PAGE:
Kelly Quin caught this nice-sized shark about 50 miles out in the Gulf of Mexico while fishing with Capt Larry McGuire of Show Me The Fish Charters.
Fall's start should signal a kickstart to fishing fun
Some lingering traces of red tide are still somewhat chilling fishing, and continuing warm water temperatures are doing anything but heat up the action, but with the start of fall last Saturday things should improve.
Inshore action for redfish, trout, snook and snapper remains steady. Offshore fishing for grouper and snapper is also good.
Capt. Zach Zacharias on the Dee-Jay II out of Parrot Cove Marina saidthe start of fall Sept. 23 seemed to also start a positive note for fishing. "Red tide blooms of the past two weeks have cleared up and things look pretty good," he said. "Bait is still plentiful and stayed alive and frisky in my bait well on a couple of trips lately. The trips produced mostly redfish and snook with pretty good numbers of each. The reds ran from 14 to 34 inches depending on where you were fishing, and the snook were pretty much the same, fishing various areas mostly north of the Cortez Peninsula over to the mouth of Terra Ceia Bay. The cool front that passed through the area made for comfortable angling conditions without the threat of rain, a welcome change from the anytime-of-day deluges we had been experiencing for weeks." Capt. Zach said other action included a few trout, mangrove snapper and flounder. He also offered this prognosis: "The amazing mackerel run of summer 2006 waned a bit the past couple of weeks, but it should commence again in earnest about the first of October, with kingfish not too far behind."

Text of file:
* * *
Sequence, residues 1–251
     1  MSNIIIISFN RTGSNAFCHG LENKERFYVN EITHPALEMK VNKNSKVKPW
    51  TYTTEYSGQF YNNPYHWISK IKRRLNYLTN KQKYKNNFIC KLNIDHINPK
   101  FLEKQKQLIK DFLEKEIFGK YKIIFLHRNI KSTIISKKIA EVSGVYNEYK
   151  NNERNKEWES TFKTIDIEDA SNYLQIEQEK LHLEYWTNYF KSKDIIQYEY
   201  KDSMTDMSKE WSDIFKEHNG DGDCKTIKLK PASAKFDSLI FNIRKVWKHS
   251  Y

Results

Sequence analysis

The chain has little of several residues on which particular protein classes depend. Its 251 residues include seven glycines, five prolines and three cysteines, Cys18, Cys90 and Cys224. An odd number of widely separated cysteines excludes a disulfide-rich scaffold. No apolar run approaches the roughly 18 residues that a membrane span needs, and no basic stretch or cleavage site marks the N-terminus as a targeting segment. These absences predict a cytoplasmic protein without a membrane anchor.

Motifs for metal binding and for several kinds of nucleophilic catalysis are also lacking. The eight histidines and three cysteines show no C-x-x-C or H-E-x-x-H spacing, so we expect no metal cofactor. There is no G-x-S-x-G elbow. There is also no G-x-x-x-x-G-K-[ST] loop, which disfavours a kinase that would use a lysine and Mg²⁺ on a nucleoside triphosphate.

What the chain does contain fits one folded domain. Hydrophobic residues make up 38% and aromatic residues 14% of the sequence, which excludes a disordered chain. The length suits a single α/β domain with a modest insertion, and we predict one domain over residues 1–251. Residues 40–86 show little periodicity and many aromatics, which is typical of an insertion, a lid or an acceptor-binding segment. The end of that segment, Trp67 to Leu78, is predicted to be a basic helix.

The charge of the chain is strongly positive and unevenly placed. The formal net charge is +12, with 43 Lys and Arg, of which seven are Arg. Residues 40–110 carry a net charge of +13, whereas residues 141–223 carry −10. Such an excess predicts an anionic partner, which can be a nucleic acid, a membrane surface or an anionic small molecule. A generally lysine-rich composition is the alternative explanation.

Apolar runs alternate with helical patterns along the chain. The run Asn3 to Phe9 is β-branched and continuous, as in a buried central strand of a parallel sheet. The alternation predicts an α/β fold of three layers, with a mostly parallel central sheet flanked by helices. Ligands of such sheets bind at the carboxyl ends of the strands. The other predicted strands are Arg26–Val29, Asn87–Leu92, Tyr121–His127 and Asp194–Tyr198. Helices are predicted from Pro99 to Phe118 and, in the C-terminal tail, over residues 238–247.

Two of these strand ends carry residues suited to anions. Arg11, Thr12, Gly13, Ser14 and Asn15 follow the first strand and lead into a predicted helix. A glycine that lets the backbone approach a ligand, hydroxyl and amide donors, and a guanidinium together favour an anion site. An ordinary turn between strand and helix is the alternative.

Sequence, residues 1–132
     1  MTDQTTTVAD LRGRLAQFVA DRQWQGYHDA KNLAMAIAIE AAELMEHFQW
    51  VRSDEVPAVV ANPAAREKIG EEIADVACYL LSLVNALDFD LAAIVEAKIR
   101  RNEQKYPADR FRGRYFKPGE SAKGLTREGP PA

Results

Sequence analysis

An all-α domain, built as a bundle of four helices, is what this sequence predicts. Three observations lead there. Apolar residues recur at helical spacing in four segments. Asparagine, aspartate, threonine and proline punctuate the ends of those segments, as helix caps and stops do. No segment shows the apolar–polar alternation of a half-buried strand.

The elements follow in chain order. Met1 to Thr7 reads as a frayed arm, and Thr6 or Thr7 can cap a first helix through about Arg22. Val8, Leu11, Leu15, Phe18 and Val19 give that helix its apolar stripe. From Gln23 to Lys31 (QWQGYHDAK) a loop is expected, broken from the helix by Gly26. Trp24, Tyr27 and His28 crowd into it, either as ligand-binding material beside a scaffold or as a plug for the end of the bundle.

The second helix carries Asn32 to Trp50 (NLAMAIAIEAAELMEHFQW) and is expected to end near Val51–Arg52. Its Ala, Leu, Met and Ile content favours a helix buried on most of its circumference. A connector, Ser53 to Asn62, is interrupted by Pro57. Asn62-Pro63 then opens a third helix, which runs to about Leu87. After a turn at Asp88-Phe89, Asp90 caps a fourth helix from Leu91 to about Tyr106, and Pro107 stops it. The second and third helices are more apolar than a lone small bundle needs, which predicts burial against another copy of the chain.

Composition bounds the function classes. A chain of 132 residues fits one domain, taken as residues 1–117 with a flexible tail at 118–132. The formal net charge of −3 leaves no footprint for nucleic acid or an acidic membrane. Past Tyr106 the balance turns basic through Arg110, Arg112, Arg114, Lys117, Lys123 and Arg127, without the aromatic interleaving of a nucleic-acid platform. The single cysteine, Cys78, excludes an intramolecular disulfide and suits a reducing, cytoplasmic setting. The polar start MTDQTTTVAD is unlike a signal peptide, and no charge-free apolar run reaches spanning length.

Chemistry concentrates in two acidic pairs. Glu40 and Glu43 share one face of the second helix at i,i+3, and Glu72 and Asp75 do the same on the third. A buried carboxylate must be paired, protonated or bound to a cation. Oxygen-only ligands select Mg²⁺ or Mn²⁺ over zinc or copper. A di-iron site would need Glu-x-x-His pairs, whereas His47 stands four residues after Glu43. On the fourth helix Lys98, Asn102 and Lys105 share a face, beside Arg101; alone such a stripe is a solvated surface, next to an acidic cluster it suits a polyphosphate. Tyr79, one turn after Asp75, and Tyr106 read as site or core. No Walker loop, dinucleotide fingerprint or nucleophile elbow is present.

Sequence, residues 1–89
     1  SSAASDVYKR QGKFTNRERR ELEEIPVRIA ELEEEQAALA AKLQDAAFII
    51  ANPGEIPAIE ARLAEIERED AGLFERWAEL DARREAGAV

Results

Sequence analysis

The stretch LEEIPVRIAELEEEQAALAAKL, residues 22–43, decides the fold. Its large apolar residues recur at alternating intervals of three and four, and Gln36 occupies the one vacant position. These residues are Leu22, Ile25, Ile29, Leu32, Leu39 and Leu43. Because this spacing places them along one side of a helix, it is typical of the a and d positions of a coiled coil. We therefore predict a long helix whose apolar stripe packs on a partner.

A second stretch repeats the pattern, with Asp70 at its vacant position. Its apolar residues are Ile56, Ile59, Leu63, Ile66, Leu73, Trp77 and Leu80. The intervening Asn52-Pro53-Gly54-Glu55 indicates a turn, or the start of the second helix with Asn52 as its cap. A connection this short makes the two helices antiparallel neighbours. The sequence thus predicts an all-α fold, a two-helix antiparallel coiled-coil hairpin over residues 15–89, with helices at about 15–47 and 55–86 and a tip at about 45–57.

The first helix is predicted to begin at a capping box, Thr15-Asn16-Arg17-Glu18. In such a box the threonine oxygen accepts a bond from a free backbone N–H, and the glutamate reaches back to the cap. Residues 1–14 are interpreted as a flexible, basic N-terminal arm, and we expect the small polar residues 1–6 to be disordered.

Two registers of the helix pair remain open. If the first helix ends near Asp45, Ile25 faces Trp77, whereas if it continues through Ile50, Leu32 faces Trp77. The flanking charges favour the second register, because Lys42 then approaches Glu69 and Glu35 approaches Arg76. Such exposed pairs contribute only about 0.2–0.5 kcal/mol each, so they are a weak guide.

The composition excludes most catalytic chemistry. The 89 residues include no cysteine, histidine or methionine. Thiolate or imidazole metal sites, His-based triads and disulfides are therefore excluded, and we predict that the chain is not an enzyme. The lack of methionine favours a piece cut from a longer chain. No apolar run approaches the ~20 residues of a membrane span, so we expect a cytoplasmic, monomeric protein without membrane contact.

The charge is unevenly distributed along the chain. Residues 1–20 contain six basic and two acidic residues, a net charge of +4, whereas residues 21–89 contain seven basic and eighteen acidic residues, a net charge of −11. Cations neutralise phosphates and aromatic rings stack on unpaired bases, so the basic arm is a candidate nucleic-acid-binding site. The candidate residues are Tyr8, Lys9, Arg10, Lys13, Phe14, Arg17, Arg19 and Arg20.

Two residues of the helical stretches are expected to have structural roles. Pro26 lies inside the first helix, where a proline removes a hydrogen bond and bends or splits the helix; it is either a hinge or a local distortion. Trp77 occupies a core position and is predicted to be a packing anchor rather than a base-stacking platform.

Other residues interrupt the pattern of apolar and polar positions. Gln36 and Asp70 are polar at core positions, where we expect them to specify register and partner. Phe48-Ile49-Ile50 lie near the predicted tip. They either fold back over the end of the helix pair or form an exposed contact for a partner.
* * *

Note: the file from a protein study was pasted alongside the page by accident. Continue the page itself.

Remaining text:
Bill Lowman at Island Discount Tackle at Catchers Marina in Holmes Beach said redfish and snapper are the best bets right now, but snook are hitting "pretty good," he said, and offshore fishing for grouper and snapper is also good.
Capt. Thom Smith at Angler's Repair on Cortez Road said he's catching keeper-size snook, a few redfish and some mackerel.
At Perico Island Bait and Tackle, reports include redfish from the seagrass flats in the bay on the lower tides near Prices Key at the mouth of Palma Sola Bay. Snapper are being caught by the Intracoastal Waterway, and there is still an occasional mackerel hookup.
Bob Kilb at the Rod & Reel Pier said fishers there are bringing in a few snapper, some small redfish, sheepshead, small pompano and a few snook.
Jesus Rosario at the Anna Maria City Pier said anglers are reeling in snook at night, plus snapper, flounder, small sharks, a few mackerel and some large yellowtail jacks.
Capt. Larry McGuire of Show Me The Fish Charters said he's finding fishing to be good 15 miles to 50 miles offshore. "We are catching red grouper, gag grouper, red snapper, mangrove snapper, triggerfish, tilefish, lots of sharks and barracuda," he said, adding that he, too, thinks the red tide seems to have cleared out.
Dave Johnson at Snead Island Crab House said there are snapper around the dock in the mornings, and redfish are being caught in Miguel Bay. Black drum are still coming out of the Manatee River, and - believe it or not - some tarpon are being sighted but not caught in front of Terra Ceia Bay.
At Skyway Bait and Tackle, reports include some nice-sized redfish near Miguel Bay and Joe's Island. One 37-inch snook was caught from Miguel Bay, and bait is still plentiful.
On my boat Magic, we have been catching lots of redfish to 27 inches, a 22-inch trout, and limit catches of mangrove snapper. There are also really big schools of yellowtail jacks out there, with some 10-pound hookups not at all unusual.
Good luck and good Fishing.
Capt. Mike Heistand is a 20-year-plus fishing guide. Call him at 723-1107 to provide a fishing report. Prints and digital images of your catch are also welcome and may be dropped off at The Islander, 5404 Marina Drive, Holmes Beach, or e-mailed to email@example.com. Please include identification for persons in the picture along with information on the catch and a name and phone number for more information. Snapshots may be retrieved once they appear in the paper.